Published: Tuesday, September 1, 2009 at 5:00 a.m.
Last Modified: Wednesday, September 2, 2009 at 2:26 a.m.
EDC considering changes to grow jobs
By SETH STRATTON
The Davidson County Economic Development Commission is considering changes to
its grant process in order to spur more job growth and lower the county's
Lexington, Thomasville, Denton and Davidson County have all thrown their
support behind changes in the EDC's guidelines to allow for more businesses to
be eligible for economic development incentives. Steve Googe, the executive
director of the EDC, is hoping to gain across-the-board support by encouraging
Midway and Wallburg to back the changes in the next couple of weeks, too.
"Unemployment is in the double digits," Googe said. "It's critical we do
everything we can do to help any businesses looking to invest here."
Googe and the EDC have previously only focused on offering incentives to
existing or new businesses looking to invest a minimum of $1 million toward an
economic development project. They also only really dealt with industrial
projects, leaving smaller retail and commercial developments to the local
chambers of commerce around the county. But that may all change.
Thanks in part to Commissioner Sam Watford, who in a Jerry Maguire-like
"Help me, help you," moment at a Davidson County Board of Commissioners'
meeting in April, wondered aloud what the county could do to help struggling
businesses in the economic recession.
Googe said he and Watford later met for about two and a half hours to
discuss ideas on how the EDC could assist smaller businesses in addition to
the large industries for which the commission is used to designing grant
packages. In the past five months, the EDC, with input from its board,
governments and agencies, has come up with a few ideas to stimulate the local
First, Googe said the EDC is considering economic development projects of an
investment of $50,000 or more, far less than the $1 million it usually set as
a guideline for the projects in which it became involved.
Under the proposal, qualifying businesses would have to pay for the applicable
legal notices and other fees for it to be placed on the county or a
municipality's public hearing schedule. The EDC is also considering a clause
to new or existing economic development incentive contracts to allow
businesses to waive wage and job requirements if the unemployment rate in the
previous six months prior to the grant's approval is above 9.9 percent.
"It's an aggressive thought process," Googe said. "I know we're going to be
inundated with requests."
Googe and the EDC board aren't quite ready to roll out the plan, but it could
be put into place shortly. He said the purpose of the plan is to put people
back to work and spending money, which has an immediate impact for the county
and its workers. Performance-based job grants have worked in the past, but if
an industry signed a contract today, the county nor the business would see any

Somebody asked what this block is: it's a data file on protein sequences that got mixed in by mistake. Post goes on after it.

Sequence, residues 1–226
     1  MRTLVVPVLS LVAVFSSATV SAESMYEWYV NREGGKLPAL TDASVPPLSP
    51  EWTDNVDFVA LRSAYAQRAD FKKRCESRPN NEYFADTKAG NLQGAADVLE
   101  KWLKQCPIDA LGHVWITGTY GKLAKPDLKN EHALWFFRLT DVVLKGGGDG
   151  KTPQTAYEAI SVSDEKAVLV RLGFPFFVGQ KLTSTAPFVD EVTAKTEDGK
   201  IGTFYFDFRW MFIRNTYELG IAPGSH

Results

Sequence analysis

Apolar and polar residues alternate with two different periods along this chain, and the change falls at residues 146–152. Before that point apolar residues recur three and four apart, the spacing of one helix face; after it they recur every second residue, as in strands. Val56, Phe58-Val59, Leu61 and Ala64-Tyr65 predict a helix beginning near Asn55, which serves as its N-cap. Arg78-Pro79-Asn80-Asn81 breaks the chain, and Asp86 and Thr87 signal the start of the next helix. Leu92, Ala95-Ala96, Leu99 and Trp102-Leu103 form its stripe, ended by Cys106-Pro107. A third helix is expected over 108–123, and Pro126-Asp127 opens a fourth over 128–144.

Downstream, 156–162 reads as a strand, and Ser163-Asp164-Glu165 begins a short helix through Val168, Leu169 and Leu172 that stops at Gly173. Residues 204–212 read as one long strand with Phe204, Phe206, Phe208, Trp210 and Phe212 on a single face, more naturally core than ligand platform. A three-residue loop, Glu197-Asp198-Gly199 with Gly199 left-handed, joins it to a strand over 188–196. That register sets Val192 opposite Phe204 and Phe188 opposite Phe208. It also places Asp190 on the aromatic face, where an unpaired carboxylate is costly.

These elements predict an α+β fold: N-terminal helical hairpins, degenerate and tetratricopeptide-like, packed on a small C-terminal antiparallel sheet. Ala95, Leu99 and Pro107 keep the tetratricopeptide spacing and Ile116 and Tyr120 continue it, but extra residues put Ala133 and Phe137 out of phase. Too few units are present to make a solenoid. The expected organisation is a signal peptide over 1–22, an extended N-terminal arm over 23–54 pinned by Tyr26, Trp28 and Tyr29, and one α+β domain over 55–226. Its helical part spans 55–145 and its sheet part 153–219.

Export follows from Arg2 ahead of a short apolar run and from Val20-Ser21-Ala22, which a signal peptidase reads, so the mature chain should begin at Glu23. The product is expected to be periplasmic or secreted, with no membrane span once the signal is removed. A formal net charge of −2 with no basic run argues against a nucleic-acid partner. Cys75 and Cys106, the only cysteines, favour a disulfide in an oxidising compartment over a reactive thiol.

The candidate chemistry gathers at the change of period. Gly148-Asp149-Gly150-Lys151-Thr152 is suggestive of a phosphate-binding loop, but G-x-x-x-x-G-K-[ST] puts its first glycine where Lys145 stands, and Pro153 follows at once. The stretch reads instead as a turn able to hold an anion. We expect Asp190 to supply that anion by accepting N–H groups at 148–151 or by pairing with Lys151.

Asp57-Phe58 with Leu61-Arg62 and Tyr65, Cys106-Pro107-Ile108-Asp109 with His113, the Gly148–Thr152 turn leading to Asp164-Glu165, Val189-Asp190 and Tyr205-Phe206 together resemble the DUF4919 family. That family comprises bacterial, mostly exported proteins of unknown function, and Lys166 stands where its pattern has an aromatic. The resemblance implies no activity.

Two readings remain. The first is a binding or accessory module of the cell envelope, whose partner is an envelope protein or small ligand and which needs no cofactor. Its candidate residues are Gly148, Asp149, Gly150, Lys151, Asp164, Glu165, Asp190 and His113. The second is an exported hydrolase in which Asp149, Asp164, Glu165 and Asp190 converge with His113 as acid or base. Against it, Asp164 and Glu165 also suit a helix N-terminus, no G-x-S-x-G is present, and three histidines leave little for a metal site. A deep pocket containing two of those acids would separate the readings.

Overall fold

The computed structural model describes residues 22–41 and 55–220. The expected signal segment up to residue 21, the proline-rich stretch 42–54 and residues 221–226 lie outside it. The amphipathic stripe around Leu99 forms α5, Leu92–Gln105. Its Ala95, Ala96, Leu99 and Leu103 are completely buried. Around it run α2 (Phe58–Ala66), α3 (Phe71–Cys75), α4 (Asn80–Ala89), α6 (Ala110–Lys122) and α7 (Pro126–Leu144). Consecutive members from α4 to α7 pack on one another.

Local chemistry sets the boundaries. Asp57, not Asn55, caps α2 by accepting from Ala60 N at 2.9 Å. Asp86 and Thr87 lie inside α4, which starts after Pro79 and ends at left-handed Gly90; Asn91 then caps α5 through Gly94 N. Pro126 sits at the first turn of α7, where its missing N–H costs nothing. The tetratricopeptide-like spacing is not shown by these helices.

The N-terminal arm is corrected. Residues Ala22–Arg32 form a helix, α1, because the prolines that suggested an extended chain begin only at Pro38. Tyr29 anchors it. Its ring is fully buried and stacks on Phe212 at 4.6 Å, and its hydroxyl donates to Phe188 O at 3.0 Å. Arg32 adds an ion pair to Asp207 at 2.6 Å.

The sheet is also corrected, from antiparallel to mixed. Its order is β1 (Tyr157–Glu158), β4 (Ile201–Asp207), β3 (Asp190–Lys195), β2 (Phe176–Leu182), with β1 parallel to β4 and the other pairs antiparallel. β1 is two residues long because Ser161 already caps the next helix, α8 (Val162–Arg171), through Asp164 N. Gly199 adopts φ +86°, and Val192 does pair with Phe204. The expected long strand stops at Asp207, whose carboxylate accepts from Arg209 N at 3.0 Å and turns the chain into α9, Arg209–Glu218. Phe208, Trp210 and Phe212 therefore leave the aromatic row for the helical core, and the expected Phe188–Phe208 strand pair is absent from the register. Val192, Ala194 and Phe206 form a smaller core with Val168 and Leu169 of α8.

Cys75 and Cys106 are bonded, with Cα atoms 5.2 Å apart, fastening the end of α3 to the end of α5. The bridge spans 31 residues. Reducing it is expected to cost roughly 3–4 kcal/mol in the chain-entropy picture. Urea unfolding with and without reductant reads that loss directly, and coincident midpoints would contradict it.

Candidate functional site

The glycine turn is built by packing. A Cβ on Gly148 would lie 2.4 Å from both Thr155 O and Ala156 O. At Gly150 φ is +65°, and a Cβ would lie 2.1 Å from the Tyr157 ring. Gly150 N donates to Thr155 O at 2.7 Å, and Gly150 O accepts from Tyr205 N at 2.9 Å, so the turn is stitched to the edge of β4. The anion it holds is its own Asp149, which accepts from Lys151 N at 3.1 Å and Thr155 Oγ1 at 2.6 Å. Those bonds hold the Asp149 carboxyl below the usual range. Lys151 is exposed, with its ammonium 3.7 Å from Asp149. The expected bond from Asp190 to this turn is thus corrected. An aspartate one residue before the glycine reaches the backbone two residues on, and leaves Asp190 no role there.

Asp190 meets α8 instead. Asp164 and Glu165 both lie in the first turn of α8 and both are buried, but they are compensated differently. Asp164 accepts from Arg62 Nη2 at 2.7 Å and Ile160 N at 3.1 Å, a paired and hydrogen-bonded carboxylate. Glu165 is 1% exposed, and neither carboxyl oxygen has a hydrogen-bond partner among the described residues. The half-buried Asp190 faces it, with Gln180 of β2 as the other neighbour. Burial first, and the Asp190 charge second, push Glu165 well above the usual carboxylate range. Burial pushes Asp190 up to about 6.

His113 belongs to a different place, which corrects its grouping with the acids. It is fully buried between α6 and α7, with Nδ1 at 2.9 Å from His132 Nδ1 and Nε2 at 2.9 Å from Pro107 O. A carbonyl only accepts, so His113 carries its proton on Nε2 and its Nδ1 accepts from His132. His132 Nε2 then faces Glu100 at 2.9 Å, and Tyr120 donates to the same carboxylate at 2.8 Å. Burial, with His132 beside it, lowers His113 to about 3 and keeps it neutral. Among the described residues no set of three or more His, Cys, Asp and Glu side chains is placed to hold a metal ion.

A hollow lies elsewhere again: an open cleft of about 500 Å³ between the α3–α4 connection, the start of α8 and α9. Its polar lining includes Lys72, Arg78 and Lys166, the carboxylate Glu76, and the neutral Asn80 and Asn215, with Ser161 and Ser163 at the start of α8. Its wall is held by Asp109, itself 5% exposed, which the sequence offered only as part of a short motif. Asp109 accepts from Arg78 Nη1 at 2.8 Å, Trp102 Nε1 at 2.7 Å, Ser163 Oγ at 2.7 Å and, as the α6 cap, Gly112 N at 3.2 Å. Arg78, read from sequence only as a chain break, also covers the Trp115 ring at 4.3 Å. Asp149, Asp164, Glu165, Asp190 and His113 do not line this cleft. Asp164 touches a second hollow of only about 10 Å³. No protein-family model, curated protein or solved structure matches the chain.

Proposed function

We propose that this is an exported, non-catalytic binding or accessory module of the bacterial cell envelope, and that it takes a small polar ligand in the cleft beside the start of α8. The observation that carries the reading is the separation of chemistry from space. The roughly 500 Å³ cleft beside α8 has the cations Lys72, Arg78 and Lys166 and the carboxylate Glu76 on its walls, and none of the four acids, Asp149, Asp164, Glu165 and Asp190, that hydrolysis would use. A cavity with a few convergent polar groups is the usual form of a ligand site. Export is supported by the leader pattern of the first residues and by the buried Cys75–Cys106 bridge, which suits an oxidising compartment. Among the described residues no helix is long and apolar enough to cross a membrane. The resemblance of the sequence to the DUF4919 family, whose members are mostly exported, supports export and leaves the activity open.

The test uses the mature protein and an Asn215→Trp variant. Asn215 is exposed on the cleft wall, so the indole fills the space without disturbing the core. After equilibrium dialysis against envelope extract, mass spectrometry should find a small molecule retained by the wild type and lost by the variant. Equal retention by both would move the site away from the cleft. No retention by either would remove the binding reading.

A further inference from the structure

tax revenues or rebates back until 2011.
The EDC is also considering a proposal to anyone who builds a shell building
not to pay any taxes for the first three years and 50 percent property taxes
for the fourth and fifth years of its construction if is not leased in hopes
to encourage construction of buildings that are ready to move in, like the
Diebold and Vitacost.com buildings in the Lexington Business Center.
Sales tax revenues are more important today now that the state has taken a
half-cent of sales tax revenues back from the county to compensate for the
state taking over the county's portion of Medicaid payments.
North Carolina has changed the way sales tax funds are redistributed. On
Tuesday, the state sales tax increased to 7.75 cents, up a penny. Next month,
Davidson County will see another quarter-cent of sales tax revenues
relinquished to the state, leaving just two cents of the 7.75 cents returned
to the county. And the redistribution system has changed, too. Sales tax
revenues used to be distributed back to counties and municipalities and on a
per-capita basis, but now the state has changed the redistribution system to
Googe said this new type of system makes it more important, especially to
smaller communities located around metro areas that can draw shoppers away.
"We didn't have a clue in 1995 or 1996 we were going to have this sales tax
change," Googe said.
The EDC has helped in some retail projects - most notably the Food Lion
shopping centers at the intersections of U.S. Highway 64 West and U.S. Highway
52 and the one at the intersection of U.S. Highway 64 East and N.C. Highway
Googe said the EDC has been busier this year than last and hopes the new
economic development parameters will set up the county for booming growth
after the economy rebounds.
"Internally we're going through a process ... to analyze our position in
life," Googe said about the EDC, "if what we're doing today and yesterday is
what we're going to be doing tomorrow."
Googe said recruiting more retail businesses is a "double-edged sword" because
it helps build local tax bases but usually provides jobs that are lower-paying
than manufacturing-type jobs the EDC is used to attracting. Each business will
still be taken on a case-by-case basis, like it is now, and be left up to each
local governing board whether it wants to approve an incentive agreement.
"If we should move forward on this, I don't know what it's going to do
tomorrow, but I hope at least it will help stimulate some interest here,"
Seth Stratton can be reached at 249-3981, ext. 226, or
Click here for next article.